Main Library’s Louis Stokes Wing, 5th floor
All The Single Ladies: Unmarried Women and the Rise of an Independent Nation
by Rebecca Traister
Today, only twenty percent of Americans are wed by age twenty-nine, compared to nearly sixty percent in 1960. The Population Reference Bureau calls it a “dramatic reversal.” All the Single Ladies is a remarkable portrait of contemporary American life and how we got here, through the lens of the single American woman. Covering class, race, sexual orientation, and filled with vivid anecdotes from fascinating contemporary and historical figures, All the Single Ladies is destined to be a classic work of social history and journalism.
Thursday, March 9 • 12:00 p.m.
Badge 387: The Story of Jim Simone, America’s Most Decorated Cop
by Robert Sberna
For 38 years, Jim Simone patrolled Cleveland’s Second Police District, a drug-plagued area with one of the highest violent crime rates in the nation. Called “Supercop” by the media (a nickname he dislikes), Simone generated headlines and public interest on a scale not seen since Eliot Ness searched for Cleveland’s Torso Murderer in the 1930s. Simone worked primarily in traffic enforcement-the riskiest assignment for a cop-and never shied from danger. He was stabbed, clubbed, run over, and shot. He traded gunfire a dozen times, killing five people in the line of duty. All of his shootings were ruled justifiable. Driven by a ferocious work ethic, Simone’s arrest rates were 500 to 600 percent higher than the department average. Despite Simone’s numerous shoot-outs, he is an advocate of police restraint. GUEST DISCUSSION LEADER: Robert Sberna, Cleveland-based journalist. He worked for daily newspapers in the Midwest as a reporter covering police and court beats.
Thursday, April 13 • 12:00 p.m.
Comeback: LeBron, the Cavs and Cleveland
by Terry Pluto
This epic homecoming tale recounts one of the greatest Cleveland sports stories ever — how LeBron James and the Cavaliers took fans on a roller coaster ride from despair to hope and, finally, to glory as the 2016 NBA champions. Pluto tells it all with insightful analysis, extensive front-office details, and a deep empathy for the fans. GUEST DISCUSSION LEADER: Ron English, Library Assistant, Langston Hughes Branch, Cleveland Public Library.
Thursday, May 11 • 12:00 p.m.
Everybody Wins: The Chapman Guide to Solving Conflicts Without Arguing
by Gary Chapman
Every couple has disagreements. All too often, though, when we engage in arguments, our goal is not to resolve the conflict at hand, but rather, to win the fight. Unfortunately, when you win an argument, your spouse is the loser, and nobody wants to be or live with a loser. When you resolve a conflict, your spouse becomes your friend. Good marriages are based on friendship, not on winning arguments. Now, Gary Chapman provides couples with a simple blueprint for achieving win-win solutions to everyday conflicts and disagreements. By learning how to listen empathetically, respecting each other’s ideas and feelings, and understanding why particular issues are so important to their spouse, couples can find solutions that result not only in resolving the conflict at hand, but also leave both partners feeling loved, listened to, and appreciated.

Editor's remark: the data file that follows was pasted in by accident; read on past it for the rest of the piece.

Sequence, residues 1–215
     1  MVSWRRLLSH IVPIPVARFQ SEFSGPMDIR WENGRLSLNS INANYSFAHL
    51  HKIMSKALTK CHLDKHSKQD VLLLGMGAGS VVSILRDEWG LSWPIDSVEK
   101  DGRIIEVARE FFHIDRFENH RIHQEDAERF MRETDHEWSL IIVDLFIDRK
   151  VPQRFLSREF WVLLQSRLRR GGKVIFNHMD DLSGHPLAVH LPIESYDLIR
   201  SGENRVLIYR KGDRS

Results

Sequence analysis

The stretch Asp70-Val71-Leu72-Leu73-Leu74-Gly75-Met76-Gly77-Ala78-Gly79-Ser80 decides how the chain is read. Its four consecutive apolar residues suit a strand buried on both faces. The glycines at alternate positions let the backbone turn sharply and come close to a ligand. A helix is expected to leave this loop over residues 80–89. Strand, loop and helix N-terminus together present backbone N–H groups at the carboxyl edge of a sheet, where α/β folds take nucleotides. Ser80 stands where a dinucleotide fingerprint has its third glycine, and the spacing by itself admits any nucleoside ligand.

Thursday, June 8 • 12:00 p.m.
Main Library’s Louis Stokes Wing, 6th floor
Russian Tattoo: a Memoir
by Elena Gorokhova
Russian Tattoo : a Memoir by Elena Gorokhova. An exquisite portrait of mothers and daughters that reaches from Cold War Russia to modern-day New Jersey.
Monday, January 23, 2017 • 12:00 p.m.
The Firebrand and the First Lady: Portrait of a Friendship: Pauli Murray, Eleanor Roosevelt, and the Struggle for Social Justice
by Patricia Bell-Scott
This is a story of the unlikely friendship between First Lady Eleanor Roosevelt and Pauli Murray, a granddaughter of a mixed race slave and a lesbian, who became a lawyer and civil rights pioneer.
Monday, February 27, 2017 • 12:00 p.m.
Negroland: A Memoir
by Patricia Bell-Scott
This work speaks to the experiences of its author, Margo Jefferson, and her upbringing in the black aristocracy of Chicago. Jefferson offers a unique look at the upper echelon of black society, describing the titular “Negroland” as a group of black people who were separate from the white elite and the common black folks, but were constantly compared to both. Jefferson dives into important racial milestones in United States history such as the civil rights era and the so-called “post-racial” America while speaking from a position of rarefied privilege as a black elite.
Monday, March 20 • 12:00 p.m.
Mr. Pyke: Inventor, Fugitive, Spy
by Henry Hemming
This is the extraordinary story of Geoffrey Pyke, an inventor, war reporter, escaped prisoner, campaigner, father, educator–and all-around misunderstood genius. Pyke was an unlikely hero of both world wars. He changed the landscape of British pre-school education, and earned a fortune on the stock market. The full scope of his story remained secret even after his death: in 2009, MI5 released a mass of material suggesting that Pyke was in fact a senior official in the Soviet Comintern.